Here is a exerpt of an e-zine I subscribe to, Wing-tips Newsletter, by Richard Vegas:
There this guy is on the radio talking about a subject you are an expert in and you know the guy is full of bananas. He is talking to the whole city, giving them erroneous advice, maybe doing some people harm, and you think, how can this bozo say that?
Here is the situation. He’s trying to learn a little about a lot. Every time we try to learn a little about a lot, we are depending on luck to bail us out.
And that’s what our radio talk show host is doing. He tries to learn something about everything so he will appear informed, and make his listening audience happy, and never can become an expert in anything.
I only make this analogy because I hear it happen all the time. I’m certainly not picking on Radio talk show hosts. I only make illustrations in my articles to strike your thinking, not to criticize anyone.
The rest of it, he goes on to praise the virture of knowing a lot, about a little, in order to be “successful”. When you concentrate your thoughts/actions/attention/focus on one thing at a time, it can cut through it like a high-powered laser — makes sense. He also says that success is guaranteed if you choose the a lot about a little approach.
The “a lot about a little” approach guarantees you will be labeled an “expert”. This labelling can propel one in one’s career very effectively.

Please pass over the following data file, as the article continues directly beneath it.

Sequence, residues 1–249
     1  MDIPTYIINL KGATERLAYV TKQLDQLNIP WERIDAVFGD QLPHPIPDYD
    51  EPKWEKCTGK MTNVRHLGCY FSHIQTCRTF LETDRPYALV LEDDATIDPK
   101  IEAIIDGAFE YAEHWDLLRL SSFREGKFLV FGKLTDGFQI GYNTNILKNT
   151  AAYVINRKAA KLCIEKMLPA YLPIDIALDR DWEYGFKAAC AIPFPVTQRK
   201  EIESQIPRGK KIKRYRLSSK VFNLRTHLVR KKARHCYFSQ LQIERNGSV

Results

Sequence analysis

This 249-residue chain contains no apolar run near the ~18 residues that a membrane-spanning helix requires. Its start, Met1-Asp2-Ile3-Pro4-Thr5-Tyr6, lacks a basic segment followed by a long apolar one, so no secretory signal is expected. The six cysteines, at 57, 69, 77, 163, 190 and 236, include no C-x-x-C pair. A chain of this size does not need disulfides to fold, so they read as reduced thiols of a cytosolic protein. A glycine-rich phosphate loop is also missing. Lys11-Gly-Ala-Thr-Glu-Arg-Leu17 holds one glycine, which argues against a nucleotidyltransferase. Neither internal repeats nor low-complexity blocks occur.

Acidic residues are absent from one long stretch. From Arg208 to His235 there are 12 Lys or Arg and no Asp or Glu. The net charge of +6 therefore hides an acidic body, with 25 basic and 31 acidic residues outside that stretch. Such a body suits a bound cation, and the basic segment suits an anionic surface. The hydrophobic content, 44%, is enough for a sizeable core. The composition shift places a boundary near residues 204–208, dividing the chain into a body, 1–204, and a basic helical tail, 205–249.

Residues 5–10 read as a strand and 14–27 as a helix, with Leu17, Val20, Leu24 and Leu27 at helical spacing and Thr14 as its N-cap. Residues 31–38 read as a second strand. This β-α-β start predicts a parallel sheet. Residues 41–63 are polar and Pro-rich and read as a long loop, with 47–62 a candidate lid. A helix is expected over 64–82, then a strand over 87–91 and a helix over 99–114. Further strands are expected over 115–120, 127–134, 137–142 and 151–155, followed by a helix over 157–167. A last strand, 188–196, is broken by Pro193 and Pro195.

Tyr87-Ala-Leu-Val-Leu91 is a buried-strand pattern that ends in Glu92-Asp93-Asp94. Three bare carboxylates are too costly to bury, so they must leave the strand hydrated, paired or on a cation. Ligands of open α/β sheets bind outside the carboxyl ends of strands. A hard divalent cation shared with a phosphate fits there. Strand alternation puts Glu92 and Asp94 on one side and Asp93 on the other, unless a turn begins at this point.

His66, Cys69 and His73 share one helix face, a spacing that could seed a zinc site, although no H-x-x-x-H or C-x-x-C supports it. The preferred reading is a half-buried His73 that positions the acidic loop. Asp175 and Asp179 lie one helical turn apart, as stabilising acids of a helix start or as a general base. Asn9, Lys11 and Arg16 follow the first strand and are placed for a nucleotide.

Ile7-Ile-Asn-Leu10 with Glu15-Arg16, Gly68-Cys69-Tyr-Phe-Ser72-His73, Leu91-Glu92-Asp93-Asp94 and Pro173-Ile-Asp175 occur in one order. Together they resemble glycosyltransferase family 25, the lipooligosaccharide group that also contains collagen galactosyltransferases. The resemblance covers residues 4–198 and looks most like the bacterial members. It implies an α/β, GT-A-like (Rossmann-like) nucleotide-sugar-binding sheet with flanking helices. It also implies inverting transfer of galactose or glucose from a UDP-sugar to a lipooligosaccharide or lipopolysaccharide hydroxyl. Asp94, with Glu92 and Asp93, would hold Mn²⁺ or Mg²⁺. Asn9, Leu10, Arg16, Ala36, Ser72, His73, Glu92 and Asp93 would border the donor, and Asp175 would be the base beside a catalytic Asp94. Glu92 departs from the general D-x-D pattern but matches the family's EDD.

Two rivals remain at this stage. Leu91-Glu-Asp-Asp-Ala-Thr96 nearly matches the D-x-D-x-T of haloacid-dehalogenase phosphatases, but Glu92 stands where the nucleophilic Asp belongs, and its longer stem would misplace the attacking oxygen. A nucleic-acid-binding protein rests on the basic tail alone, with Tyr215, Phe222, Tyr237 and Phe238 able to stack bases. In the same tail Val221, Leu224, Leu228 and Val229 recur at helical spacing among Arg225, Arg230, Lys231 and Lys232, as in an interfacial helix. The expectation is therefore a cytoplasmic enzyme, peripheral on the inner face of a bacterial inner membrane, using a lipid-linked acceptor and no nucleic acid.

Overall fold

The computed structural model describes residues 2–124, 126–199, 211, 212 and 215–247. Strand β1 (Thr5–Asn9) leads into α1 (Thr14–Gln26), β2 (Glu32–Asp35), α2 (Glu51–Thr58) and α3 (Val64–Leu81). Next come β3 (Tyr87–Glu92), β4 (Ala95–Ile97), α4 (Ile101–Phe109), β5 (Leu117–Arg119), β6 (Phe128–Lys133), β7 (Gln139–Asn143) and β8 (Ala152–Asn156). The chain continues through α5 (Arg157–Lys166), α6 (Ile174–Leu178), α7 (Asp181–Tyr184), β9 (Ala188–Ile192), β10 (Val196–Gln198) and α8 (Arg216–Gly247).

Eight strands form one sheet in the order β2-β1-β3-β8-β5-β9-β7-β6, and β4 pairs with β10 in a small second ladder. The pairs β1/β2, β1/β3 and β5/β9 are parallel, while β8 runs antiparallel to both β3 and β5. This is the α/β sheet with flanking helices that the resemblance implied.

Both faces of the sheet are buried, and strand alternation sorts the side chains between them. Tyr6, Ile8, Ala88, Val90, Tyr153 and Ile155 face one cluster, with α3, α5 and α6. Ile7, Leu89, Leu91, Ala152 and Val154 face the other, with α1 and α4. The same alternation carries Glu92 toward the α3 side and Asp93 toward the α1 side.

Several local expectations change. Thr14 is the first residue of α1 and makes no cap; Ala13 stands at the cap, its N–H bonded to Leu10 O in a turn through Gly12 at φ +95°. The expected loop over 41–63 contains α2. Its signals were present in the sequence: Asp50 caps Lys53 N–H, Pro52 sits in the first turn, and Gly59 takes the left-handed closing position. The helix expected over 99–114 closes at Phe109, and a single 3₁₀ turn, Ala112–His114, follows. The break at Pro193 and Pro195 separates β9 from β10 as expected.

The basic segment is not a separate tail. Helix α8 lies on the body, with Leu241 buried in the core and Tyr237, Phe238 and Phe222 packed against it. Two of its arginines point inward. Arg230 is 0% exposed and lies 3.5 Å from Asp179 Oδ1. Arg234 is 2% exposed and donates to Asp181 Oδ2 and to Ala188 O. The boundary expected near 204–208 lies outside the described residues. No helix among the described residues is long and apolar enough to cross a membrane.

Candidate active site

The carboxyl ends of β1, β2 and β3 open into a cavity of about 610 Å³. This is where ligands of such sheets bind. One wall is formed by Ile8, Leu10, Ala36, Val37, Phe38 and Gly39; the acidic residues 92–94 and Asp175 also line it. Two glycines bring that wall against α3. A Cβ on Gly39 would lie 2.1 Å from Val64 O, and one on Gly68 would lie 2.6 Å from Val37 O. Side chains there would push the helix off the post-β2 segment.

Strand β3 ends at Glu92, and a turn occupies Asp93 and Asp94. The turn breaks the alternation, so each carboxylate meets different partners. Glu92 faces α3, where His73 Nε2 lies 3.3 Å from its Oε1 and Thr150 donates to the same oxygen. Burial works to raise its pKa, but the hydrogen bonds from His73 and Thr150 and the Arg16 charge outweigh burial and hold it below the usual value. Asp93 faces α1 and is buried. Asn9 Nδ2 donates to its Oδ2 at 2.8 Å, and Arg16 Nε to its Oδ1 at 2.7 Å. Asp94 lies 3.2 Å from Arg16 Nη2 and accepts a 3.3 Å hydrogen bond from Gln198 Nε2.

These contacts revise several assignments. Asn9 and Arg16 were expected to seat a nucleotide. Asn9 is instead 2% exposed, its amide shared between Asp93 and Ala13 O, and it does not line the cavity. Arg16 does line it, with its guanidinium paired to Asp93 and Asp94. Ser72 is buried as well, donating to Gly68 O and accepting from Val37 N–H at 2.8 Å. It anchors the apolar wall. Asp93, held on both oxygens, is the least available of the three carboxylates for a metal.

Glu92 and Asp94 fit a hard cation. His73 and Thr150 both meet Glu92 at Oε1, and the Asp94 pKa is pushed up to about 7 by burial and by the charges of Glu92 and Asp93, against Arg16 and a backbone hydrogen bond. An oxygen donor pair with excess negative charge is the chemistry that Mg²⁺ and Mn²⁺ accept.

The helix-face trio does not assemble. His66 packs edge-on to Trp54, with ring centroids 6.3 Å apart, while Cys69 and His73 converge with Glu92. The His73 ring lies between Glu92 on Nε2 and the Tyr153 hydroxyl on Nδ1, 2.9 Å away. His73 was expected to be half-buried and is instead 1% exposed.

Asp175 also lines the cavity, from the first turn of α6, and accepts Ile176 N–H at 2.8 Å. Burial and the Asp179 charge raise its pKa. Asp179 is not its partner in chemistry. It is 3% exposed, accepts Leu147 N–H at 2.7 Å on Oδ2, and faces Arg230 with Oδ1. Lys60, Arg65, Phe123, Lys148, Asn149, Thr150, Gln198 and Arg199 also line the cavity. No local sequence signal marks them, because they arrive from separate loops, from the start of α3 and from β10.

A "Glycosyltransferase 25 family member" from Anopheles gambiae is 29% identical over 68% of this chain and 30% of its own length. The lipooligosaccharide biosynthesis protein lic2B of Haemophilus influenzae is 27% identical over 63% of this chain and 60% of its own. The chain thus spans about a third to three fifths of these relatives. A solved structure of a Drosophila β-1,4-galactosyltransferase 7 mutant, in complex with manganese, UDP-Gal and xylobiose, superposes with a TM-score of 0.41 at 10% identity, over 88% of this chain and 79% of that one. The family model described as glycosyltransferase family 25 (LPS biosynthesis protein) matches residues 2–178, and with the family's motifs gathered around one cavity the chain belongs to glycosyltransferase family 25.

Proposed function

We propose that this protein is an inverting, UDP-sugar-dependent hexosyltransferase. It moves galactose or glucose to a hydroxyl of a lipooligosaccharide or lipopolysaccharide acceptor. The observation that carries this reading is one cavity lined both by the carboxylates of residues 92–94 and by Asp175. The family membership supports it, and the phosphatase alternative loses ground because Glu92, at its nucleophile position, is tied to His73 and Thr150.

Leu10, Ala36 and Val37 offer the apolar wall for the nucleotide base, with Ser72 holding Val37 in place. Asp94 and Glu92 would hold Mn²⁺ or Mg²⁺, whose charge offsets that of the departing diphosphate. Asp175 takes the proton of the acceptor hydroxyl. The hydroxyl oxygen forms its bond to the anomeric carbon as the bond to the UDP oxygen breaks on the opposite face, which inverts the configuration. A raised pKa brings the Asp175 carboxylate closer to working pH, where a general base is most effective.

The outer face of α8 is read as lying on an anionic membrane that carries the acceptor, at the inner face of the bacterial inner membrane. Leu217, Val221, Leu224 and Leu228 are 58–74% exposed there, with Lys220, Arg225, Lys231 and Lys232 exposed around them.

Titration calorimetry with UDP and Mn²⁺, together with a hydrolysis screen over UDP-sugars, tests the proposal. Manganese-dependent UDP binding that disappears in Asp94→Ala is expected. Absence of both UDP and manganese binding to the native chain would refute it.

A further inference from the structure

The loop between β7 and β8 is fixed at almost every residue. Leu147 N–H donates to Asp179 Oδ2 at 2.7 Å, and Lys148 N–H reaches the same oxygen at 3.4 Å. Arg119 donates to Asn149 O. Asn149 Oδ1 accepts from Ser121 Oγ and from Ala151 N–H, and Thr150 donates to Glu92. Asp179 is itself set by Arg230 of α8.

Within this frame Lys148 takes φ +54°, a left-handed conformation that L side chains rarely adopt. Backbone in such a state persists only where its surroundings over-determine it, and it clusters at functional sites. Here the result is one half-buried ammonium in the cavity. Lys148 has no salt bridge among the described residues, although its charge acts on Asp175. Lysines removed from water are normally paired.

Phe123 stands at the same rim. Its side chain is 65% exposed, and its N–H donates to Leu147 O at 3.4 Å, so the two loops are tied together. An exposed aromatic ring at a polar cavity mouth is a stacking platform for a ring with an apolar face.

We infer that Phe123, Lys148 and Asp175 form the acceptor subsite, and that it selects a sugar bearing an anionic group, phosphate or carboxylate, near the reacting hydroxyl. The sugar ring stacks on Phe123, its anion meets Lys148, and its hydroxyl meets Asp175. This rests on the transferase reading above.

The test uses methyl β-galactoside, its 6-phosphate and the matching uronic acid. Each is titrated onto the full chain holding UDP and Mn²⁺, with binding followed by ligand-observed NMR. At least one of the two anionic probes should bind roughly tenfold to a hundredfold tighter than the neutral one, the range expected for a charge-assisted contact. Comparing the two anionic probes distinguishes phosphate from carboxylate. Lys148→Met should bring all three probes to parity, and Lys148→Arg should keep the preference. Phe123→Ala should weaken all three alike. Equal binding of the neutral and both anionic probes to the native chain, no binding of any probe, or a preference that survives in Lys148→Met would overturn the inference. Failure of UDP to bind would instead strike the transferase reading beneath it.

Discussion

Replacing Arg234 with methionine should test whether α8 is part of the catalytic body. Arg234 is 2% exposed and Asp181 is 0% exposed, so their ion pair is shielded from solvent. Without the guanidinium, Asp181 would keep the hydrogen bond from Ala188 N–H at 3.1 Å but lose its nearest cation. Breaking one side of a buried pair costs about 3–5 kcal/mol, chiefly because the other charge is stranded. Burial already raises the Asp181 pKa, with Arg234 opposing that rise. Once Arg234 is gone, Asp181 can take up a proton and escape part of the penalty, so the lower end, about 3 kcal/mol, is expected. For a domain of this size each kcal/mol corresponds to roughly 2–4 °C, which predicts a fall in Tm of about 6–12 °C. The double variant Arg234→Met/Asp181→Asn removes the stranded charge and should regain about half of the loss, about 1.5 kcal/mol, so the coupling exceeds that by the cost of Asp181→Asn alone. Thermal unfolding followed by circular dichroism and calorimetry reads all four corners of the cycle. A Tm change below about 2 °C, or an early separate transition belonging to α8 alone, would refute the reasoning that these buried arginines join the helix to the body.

But in my experience, one thing I have found out is that knowing a little about a lot has its kicks too. For one thing, conversation is never one-sided. If I were an expert in technology, and I want to talk to you, and you are not technology inclined, how would the conversation go?
You:Hey, you heard about the plane crashing into World Trade Centre?
Me: Yeah. Saw it on the internet. Channelnewsasia.com sure has a great site. You know they use UNIX systems for their database-computing needs? I wonder why they don’t use VAX systems.
You: Erm…yeah. I wonder how everyone else is going to be affected by this.
Me: Yeah — I mean, the loss of computers must have been great. What a waste of technology!
Sometimes, knowing a little about a lot enables us to ask the right questions in conversations. We know a little, but do not claim to know a lot, and ask (sincerely) about what others are interested in or talk towards their interests if we already know. I would then, instead of talking about the waste of technology, ask you about how you’d think the people will be affected.
Besides, the world is so big… so many things to know; so much beauty is missed because we are too busy building up our professional lives (though it is important too, and not to be ignored). So, know a lot about a little, but don’t ignore the rest of the world!
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